Katy Perry Didn't Plagiarize in 'Dark Horse,' According to Judge

Katy Perry Didn't Plagiarize in 'Dark Horse,' According to Judge

by Marissa Matozzo

In the midst of her pregnancy and social distancing from fellow American Idol judges, Katy Perry can rest a bit more easily: the pop star has won an appeal in a $2.8 million plagiarism lawsuit regarding her 2013 hit, "Dark Horse."

Los Angeles judge Christina Snyder reversed a previous jury decision that sided with Christian rapper Marcus Gray (aka Flame) and songwriters Emanuel Lambert and Chike Ojukwu who sued Perry in July 2014. In their original suit, the trio accused Perry of plagiarizing their 2009 song, "Joyful Noise." Perry and her team defended themselves, saying they had never heard the track.

Last July, Perry and five associates, including Capitol Records, Dr. Luke, Max Martin and Juicy J, were ordered to pay $2.8 million to Gray, Lambert and Ojukwu for damages, with Perry having been ordered to pay $500,000 herself.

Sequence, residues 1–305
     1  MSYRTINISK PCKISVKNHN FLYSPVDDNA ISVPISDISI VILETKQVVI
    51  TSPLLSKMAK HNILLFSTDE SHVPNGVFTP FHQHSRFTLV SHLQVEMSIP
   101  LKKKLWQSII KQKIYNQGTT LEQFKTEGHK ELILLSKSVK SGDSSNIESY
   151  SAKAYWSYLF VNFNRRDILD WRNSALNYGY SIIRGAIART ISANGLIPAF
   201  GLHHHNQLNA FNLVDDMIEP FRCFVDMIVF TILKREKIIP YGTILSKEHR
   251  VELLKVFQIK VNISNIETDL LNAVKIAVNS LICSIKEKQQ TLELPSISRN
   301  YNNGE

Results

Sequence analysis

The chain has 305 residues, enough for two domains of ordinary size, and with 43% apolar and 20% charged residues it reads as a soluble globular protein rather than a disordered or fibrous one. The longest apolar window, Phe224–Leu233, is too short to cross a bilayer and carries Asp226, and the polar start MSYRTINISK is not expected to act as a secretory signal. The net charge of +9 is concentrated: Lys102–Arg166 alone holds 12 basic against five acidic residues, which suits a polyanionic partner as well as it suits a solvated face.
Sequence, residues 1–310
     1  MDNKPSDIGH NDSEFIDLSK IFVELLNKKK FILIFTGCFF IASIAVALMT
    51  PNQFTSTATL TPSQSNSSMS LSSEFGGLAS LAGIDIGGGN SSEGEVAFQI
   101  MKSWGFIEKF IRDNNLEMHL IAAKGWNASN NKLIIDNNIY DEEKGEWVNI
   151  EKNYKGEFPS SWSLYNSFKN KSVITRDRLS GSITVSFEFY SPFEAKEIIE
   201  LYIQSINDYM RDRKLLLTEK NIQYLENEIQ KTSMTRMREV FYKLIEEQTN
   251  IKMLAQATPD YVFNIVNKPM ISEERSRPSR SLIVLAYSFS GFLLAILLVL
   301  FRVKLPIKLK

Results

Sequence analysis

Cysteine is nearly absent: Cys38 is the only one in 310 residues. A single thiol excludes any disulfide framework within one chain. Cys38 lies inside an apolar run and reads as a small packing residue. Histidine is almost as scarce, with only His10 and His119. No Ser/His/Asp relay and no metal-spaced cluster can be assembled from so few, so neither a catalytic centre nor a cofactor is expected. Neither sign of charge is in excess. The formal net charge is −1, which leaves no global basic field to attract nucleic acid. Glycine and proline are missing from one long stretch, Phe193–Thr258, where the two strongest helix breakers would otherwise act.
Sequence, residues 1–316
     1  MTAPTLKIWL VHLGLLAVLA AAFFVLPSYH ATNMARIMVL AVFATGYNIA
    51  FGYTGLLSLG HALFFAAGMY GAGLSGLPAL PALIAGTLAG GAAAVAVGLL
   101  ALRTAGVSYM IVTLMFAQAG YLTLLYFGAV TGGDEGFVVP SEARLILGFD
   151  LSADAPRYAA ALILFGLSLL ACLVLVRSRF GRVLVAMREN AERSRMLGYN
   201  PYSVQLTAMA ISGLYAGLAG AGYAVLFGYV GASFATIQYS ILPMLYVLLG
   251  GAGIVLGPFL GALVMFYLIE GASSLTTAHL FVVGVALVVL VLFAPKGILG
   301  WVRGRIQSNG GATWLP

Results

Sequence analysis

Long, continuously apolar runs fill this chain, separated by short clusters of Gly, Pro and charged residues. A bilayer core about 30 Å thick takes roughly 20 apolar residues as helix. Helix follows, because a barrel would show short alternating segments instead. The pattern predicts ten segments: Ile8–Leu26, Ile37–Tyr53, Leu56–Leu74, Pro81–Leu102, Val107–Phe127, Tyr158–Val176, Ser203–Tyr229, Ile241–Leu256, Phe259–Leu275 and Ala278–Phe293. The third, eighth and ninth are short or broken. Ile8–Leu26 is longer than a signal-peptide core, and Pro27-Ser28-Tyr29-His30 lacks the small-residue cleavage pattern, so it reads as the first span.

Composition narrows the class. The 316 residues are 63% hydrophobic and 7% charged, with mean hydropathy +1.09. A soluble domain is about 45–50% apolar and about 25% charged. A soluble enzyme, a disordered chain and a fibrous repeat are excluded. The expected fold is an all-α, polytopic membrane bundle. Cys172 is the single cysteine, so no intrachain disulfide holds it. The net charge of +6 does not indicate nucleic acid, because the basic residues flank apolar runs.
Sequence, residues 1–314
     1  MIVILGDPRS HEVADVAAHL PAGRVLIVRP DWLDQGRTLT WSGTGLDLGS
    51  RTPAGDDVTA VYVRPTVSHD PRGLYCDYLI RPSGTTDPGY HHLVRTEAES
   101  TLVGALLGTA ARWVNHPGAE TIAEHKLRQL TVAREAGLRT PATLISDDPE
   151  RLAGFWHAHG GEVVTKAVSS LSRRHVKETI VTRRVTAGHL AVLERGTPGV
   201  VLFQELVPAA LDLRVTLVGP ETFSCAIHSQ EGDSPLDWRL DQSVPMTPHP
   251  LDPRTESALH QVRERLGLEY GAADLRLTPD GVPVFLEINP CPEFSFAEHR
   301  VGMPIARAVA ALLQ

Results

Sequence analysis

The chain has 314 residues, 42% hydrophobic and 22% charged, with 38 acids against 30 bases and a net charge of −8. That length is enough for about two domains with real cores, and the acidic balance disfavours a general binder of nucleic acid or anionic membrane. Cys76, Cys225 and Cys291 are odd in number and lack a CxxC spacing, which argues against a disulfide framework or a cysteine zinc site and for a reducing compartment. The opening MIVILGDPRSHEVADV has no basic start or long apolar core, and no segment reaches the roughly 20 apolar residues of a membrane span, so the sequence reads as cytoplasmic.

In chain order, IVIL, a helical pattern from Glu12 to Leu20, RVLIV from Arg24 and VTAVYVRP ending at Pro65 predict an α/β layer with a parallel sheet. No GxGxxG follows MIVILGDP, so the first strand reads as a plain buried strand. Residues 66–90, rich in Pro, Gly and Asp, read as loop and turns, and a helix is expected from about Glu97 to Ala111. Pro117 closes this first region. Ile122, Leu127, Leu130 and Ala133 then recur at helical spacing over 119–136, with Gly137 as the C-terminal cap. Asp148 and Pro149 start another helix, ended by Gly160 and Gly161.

This past October, Perry and her associates filed an appeal seeking to overturn or retry the ruling.

Snyder wrote that the eight-note ostinato, or repeated musical phrase, in question was not a "particularly unique or rare" combination: "It is undisputed in this case, even viewing the evidence in the light most favorable to plaintiffs, that the signature elements of the eight-note ostinato in 'Joyful Noise' is not a particularly unique or rare combination."

The verdict comes a week after a lawsuit involving Led Zeppelin and the 1971 classic "Stairway to Heaven" made headlines, showing how complicated creativity and copyright can be in music, when beats, melodies and rhythms can often sound like others. Subtle similarities between tracks have also been the subject of lawsuits involving Lana Del Rey and Radiohead, Robin Thicke and Marvin Gaye, and others in recent years.

Read the official document regarding Perry, "Dark Horse," and Gray here.

Photography: Juno Calypso for PAPER